Suppose there are two lenses touching each other as shown in the diagram below. the focal length of the lenses are $f_1$ and $f_2$ respectively. Now by using the formula for lens combination I obtained the final focal length as $$\frac{f_1f_2}{f_1+f_2}$$. enter image description here

Now suppose I assume there is a very small distance between them say d,where $d\ll R$, and I calculate the focal length of the system I still obtain the same result. Now my question is whether I can conclude from this that when ever two optical devices(lens,prism,etc) are touching each other. Can I do the calculation by assuming there is a small distance between them?


If there is a small gap between two optical components you have to do your calculations for a small separation. If the elements are touching each other then you have to set the separation $d$ to $0$.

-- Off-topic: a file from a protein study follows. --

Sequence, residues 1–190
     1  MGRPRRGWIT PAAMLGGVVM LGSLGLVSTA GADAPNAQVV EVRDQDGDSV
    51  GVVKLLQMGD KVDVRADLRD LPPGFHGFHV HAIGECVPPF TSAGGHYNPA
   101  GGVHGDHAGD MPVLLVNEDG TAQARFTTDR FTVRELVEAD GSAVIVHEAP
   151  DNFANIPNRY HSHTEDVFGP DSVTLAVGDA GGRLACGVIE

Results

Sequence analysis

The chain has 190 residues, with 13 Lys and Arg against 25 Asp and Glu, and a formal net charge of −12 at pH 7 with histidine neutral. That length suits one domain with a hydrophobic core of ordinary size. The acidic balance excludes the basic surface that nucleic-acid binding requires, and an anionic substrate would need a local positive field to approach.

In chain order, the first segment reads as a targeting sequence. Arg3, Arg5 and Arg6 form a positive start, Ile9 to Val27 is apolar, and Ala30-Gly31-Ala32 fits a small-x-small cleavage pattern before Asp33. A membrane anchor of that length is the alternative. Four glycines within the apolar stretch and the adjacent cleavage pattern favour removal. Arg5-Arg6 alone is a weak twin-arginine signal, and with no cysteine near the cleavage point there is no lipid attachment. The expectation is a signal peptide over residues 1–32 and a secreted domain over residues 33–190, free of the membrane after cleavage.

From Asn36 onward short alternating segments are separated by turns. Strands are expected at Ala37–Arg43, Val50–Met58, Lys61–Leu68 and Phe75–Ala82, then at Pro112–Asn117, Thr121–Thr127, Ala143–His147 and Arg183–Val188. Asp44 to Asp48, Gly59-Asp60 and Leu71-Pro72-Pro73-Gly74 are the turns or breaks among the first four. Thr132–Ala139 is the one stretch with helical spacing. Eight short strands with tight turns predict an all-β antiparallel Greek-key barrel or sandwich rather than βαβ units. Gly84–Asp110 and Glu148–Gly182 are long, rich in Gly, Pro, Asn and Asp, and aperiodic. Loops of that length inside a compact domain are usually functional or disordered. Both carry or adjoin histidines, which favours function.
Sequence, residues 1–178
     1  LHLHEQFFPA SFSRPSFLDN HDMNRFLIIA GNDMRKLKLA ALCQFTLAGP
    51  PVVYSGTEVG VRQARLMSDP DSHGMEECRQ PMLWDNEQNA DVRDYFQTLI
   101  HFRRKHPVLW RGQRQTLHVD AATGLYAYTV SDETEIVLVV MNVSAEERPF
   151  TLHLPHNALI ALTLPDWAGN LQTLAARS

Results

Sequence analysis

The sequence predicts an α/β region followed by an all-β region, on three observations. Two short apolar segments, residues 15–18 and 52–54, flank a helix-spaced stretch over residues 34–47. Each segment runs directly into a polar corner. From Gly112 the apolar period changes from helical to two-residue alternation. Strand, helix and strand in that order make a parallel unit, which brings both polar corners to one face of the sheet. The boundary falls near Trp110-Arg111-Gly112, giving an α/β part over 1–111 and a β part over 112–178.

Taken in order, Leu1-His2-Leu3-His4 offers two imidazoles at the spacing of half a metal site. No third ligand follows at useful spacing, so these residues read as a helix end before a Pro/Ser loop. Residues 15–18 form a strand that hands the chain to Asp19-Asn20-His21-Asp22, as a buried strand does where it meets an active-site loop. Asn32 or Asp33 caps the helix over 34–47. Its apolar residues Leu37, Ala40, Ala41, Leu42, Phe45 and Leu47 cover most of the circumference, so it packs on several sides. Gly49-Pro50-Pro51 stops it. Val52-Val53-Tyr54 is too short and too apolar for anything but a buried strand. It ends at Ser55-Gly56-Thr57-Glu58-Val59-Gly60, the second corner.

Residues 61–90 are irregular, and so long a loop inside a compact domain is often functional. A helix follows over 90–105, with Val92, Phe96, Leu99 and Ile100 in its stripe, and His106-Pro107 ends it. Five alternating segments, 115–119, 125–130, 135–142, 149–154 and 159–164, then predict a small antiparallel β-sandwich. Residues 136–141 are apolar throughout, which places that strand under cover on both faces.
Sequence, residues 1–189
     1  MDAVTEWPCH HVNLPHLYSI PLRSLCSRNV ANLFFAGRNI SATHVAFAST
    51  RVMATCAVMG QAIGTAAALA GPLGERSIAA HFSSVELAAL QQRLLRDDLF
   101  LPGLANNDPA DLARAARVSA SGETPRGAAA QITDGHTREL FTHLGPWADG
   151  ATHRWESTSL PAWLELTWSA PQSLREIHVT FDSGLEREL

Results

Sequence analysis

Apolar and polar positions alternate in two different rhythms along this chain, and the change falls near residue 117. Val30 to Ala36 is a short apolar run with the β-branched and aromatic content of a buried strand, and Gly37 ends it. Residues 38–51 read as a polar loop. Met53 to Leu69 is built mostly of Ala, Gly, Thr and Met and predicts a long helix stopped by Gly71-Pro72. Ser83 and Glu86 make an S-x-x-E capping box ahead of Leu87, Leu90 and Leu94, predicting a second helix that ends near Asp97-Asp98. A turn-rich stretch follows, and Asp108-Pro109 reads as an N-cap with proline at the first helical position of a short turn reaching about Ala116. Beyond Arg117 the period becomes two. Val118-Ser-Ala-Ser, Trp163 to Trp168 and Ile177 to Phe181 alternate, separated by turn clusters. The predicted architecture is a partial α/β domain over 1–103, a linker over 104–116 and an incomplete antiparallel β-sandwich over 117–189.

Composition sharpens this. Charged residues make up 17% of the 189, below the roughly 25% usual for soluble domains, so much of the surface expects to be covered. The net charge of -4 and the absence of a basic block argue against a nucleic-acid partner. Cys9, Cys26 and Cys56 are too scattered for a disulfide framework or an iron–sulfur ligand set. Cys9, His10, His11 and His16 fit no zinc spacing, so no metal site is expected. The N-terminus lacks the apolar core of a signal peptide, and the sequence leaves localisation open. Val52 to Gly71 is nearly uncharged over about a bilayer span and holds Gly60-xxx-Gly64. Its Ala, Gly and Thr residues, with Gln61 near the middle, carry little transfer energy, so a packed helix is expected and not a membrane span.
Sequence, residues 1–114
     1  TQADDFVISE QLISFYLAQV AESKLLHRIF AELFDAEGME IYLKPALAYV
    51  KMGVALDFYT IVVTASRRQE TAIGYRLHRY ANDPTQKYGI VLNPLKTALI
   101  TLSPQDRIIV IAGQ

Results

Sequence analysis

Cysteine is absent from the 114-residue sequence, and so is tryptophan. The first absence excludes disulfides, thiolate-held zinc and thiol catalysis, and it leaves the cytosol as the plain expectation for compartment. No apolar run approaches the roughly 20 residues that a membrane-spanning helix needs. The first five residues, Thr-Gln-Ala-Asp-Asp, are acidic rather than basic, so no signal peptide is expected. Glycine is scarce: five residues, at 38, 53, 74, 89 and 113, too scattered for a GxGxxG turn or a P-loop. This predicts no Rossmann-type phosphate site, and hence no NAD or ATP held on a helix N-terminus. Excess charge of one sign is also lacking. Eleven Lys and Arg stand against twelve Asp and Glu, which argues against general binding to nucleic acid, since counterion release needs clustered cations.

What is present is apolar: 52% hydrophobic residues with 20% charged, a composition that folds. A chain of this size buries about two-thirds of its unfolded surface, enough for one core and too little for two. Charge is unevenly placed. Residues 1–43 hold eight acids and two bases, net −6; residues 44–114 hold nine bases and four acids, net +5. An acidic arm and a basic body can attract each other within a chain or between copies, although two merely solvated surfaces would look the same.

If I understand your question correctly then the answer is yes, you can set the distance to $0$ before or after solving your system, due to continuity. Here, "before" means that you write your equations assuming that the components are touching each other, and "after" means that you account for a small gap, solve your equations and then set $d=0$ in the final result.

Click here to consider the case of 3 or more lenses, and try putting their separations to $0$.

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  • $\begingroup$ Be helpful if you could post a link to an example or two of raytracing thru a 2-lens system. $\endgroup$ – Carl Witthoft Dec 22 '15 at 13:31
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    $\begingroup$ @CarlWitthoft I think the OP assumes you know that example already. Anyway, I'll post a link where you can solve a 3-lens system! $\endgroup$ – Rol Dec 22 '15 at 13:41

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